We’ve literally devastated some of the most numerous species of fish in the ocean. The scientific community has concluded that if we don’t phase out the burning of coal within the next couple of decades, the atmospheric damage will be catastrophic. But our use of coal has actually increased since the global community of scientists calculated and announced this terrifying conclusion. I realize that this may not be exactly how I’d communicate these subjects to little kids, but the reality is they will have to face these truths, regardless of how upsetting it may be. Because they will be living it. The message, or advice, I’d offer is that they need to think for themselves. Learn what they can from adults, but apply what they know to be right and wrong to everything they learn and do. In other words, be true to ones’ self and be aware of the impact your life and behavior has on the world and others. Do not be directed by irrelevant values such as accumulating material wealth as the sole reason for existence.
Specific to storytelling, I would encourage children to experience people and the world, and to represent the truth of what they see within their writing/storytelling. I would tell them to share their unique views and their truth in a manner that will teach others, creating awareness of important realities that others may otherwise not be aware of. One of the ever present mantras adults have repeated over the generations is that children are the future. But collectively adults have not lived in a way that truly ensures a positive future for children. Young people will need to do this for themselves. Upcoming generations must find the courage to choose a more difficult road when they know it’s the right thing to do.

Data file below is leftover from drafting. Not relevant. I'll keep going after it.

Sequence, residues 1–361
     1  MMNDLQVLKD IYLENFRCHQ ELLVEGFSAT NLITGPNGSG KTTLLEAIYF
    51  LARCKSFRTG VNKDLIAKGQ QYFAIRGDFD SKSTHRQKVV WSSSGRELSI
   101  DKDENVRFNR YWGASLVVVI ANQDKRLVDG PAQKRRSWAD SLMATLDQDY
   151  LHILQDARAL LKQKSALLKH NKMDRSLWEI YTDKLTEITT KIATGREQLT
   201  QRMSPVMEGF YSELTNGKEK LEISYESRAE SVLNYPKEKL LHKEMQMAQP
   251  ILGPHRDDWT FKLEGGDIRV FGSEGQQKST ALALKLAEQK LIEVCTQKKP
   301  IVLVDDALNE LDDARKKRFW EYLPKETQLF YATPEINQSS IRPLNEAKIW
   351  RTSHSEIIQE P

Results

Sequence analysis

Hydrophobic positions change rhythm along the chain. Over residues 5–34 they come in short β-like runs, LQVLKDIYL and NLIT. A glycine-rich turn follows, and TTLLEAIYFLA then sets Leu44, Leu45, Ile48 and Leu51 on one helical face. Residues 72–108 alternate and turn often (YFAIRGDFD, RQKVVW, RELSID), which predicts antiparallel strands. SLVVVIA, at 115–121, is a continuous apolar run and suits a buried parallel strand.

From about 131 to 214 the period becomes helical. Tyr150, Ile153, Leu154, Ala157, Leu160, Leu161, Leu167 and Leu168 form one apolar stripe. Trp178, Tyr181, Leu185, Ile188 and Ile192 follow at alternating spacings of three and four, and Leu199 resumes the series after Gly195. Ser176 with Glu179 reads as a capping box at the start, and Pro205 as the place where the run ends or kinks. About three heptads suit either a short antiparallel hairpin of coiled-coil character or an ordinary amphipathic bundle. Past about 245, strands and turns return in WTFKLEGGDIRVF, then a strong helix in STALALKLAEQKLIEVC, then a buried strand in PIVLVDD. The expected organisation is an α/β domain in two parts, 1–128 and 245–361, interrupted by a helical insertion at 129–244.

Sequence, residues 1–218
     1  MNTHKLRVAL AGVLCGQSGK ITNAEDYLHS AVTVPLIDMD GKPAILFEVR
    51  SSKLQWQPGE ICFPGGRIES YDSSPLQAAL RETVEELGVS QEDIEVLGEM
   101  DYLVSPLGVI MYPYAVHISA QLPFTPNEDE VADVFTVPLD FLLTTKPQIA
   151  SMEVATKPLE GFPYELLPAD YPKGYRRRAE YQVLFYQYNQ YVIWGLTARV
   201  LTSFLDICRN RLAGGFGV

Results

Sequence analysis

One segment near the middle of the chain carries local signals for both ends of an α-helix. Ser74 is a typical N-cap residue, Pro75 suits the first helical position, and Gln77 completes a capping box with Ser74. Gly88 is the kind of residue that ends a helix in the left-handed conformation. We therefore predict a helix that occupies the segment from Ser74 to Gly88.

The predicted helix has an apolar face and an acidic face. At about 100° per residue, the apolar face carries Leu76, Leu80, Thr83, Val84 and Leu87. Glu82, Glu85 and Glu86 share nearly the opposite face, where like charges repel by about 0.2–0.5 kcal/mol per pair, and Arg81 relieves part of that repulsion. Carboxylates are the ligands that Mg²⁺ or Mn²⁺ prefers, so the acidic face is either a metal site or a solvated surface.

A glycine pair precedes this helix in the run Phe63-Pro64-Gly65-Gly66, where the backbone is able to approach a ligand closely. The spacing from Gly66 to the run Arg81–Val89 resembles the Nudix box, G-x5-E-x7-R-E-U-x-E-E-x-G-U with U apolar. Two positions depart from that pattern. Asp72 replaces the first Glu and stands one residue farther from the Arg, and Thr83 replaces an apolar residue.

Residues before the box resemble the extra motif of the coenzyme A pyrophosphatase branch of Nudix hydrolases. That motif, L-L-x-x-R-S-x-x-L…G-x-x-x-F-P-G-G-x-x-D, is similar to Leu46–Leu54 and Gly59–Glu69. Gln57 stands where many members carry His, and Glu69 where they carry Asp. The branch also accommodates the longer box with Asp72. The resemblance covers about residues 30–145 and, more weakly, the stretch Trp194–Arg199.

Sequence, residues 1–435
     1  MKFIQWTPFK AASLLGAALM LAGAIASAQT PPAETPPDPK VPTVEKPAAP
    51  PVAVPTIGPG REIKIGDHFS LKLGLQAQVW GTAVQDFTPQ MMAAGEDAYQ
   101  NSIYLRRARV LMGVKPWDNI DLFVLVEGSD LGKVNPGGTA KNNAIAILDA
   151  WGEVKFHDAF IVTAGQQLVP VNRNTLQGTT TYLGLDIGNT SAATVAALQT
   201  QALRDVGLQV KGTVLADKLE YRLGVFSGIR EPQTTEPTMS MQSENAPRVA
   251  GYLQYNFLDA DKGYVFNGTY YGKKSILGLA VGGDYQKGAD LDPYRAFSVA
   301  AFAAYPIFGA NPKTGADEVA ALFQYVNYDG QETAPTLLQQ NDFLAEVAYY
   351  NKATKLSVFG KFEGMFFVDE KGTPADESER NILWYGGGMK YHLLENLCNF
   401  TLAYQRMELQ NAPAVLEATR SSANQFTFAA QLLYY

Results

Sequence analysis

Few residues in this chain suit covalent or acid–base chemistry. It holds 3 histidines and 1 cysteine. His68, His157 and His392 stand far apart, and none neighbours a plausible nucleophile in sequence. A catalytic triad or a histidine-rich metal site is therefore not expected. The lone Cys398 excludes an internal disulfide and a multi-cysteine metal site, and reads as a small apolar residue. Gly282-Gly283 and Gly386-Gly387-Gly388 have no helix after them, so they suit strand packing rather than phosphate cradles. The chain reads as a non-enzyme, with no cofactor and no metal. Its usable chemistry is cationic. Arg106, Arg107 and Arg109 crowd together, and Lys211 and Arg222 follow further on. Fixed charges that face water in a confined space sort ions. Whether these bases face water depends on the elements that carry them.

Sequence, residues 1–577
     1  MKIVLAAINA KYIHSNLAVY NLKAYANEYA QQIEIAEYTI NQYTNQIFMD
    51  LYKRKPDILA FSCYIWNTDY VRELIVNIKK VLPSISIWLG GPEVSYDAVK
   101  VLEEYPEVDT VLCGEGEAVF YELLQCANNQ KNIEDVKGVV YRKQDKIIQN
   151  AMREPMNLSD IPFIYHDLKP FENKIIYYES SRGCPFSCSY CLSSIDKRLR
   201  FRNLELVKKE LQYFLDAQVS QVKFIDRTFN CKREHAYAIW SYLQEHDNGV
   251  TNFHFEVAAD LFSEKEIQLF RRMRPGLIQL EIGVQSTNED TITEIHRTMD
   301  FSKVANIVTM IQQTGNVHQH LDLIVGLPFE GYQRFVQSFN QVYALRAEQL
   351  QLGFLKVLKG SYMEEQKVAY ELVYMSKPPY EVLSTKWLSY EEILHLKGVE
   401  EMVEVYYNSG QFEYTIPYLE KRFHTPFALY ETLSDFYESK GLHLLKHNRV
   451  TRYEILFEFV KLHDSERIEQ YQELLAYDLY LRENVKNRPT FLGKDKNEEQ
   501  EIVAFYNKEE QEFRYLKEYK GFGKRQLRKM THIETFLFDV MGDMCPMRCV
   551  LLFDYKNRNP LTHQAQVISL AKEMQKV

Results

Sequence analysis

Children come in to the world open, curious and excited to learn and discover. They want to know about everything and everyone. They know what is right and wrong, because they feel it in their heart. They are not born with prejudice and judgment. They are authentic and say what they feel from a place of honesty and fearlessness. We learn about prejudice, judgment and fear too quickly the first time someone mistreats us or when we are in danger. Then begins the process of blocking off the heart to protect it from others, from the hardships in life.